Advocate-General Bot is right insofar as pointing out some similarities between the two orders issued by, on the one hand, the German constitutional court in Gauweiler, and on the other hand, the Italian constitutional court in Taricco II: both courts posed a series of preliminary questions while simultaneously suggesting to the Court what they believed to be the “correct” answers. What is more, the two apex courts indicated (more or less aggressively) that in case of an unsatisfactory response of the Court, they, as guardians of their particular constitutions (and of their constitutional identities), would be forced to make use of the limits developed in their respective jurisprudence against the Court’s claim of absolute primacy of EU law, i.e. the well-established BVerfG’s doctrine of threefold limits (fundamental rights, ultra vires acts and constitutional identity), and the controlimiti jurisprudence developed by the Corte Costituzionale.

Yet, from a perspective of judicial dialogue, there is a remarkable difference between Gauweiler and Taricco II. In the former, the BVerfG’s order for preliminary ruling opted for a very harsh tone and manoeuvred the Court of Justice deliberately between a rock and a hard place. On the one side, the announcement of the OMT programme by the ECB’s President Mario Draghi brought the desirable effect of calming the crises-stricken markets; yet, on the other side, the BVerfG left little doubt that it considered the same OMT programme as manifestly exceeding the ECB mandate, and thereby constituting an ultra vires act and violating German constitutional identity. The Court of Justice was left with a daunting reconciliation task of avoiding an open constitutional conflict with the BVerfG and simultaneously preventing the rise of new tensions on the bond markets.

On the other hand, the “tone” chosen by the Corte Costituzionale in Taricco II is considered much friendlier than the one adopted by the BVerfG in Gauweiler. The message from Rome was just as ultimate as the message from Karlsruhe; and the ICC made it clear that it expected the Court of Justice to reinterpret its Taricco I judgment in a way compatible with (the ICC’s understanding of) Italian constitutional identity. Yet, unlike the BVerfG, the ICC chose a strategy combining flattery with diplomatically enunciated ultimata, in other words, the method of carrot and stick, as Davide Paris and Daniel Sarmiento have pointedly noted.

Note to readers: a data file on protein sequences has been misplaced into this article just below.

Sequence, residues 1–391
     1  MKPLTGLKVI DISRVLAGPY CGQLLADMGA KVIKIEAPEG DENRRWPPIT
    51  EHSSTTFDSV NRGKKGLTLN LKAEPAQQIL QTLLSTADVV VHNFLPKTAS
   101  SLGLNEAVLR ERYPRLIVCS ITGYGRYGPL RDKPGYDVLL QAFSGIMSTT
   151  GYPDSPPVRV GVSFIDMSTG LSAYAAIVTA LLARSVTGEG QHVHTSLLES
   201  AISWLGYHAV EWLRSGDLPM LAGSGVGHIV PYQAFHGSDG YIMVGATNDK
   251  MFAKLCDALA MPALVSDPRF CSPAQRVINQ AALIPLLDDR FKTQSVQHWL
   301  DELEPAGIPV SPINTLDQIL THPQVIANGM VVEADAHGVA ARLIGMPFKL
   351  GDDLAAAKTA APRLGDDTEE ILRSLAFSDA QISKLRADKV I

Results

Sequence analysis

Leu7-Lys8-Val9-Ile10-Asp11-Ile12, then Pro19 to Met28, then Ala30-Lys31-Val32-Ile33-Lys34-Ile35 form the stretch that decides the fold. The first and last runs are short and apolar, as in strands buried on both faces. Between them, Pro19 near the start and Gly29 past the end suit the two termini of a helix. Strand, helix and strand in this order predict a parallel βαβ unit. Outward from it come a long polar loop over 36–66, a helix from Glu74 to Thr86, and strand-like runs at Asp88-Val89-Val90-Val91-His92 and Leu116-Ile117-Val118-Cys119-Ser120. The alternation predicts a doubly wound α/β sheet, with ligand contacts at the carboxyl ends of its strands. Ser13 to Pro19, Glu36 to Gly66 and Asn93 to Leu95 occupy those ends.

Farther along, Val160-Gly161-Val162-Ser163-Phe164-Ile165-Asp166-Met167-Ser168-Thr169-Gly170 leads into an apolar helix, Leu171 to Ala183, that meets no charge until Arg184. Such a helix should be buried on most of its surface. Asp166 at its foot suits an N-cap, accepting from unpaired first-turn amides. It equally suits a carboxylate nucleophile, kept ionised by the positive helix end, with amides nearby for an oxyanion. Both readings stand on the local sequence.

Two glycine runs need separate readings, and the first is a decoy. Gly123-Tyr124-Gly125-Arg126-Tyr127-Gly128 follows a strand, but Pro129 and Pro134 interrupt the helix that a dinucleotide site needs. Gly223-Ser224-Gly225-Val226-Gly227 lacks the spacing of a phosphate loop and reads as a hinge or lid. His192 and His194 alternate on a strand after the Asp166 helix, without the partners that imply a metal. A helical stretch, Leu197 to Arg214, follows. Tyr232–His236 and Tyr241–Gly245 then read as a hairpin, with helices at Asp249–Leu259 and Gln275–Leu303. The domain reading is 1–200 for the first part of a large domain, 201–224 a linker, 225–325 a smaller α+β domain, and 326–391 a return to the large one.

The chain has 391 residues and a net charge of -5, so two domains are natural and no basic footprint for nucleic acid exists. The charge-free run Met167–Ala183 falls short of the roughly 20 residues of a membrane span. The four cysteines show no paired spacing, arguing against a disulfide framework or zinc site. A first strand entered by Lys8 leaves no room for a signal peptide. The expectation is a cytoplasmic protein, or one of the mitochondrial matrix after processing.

2. The answers from Luxembourg

Advocate-General Cruz Villalón was the first to try and soften the harshness with which the German referral arrived at the Court of Justice. His opinion, issued in a spirit of conciliation between the two apex courts, opened with an elaboration on what he called the “functional difficulty” of the BVerfG’s request: the tension between the purpose of the preliminary ruling procedure and its binding nature on the one hand, and the right to have “the last word” on the validity of an EU act which the BVerfG reserved for itself (para 35).

In an attempt to square the circle and turn the Karlsruhe dictate into a dialogue, the Advocate-General reminded the BVerfG of its own Honeywell judgment, in which the latter made a commitment to genuinely seek the guidance of the Court of Justice before making a final decision (para 44). Moreover, the Advocate-General referred to Article 4(3) TEU enshrining the principle of sincere cooperation, arguing that this principle can constitute a basis for a “cooperative relationship” between the courts. The principle entails obligations for both, the BVerfG as well as the Court of Justice. The former should show its willingness to accept the Court’s preliminary ruling as a sufficient and binding basis for its final decision. The Court, on the other hand, should, first, respond to the BVerfG “in the greatest spirit of cooperation possible”; and second, it should make the effort and address the substance of the referred questions, putting aside any “functional difficulties” arising from the mutual relationship (paras 47-49, 65-68). In response to the BVerfG’s claims of constitutional identity, the Advocate-General invited both courts to strive for “basic convergence between the constitutional identity of the Union and that of each of the Member States” (para 61).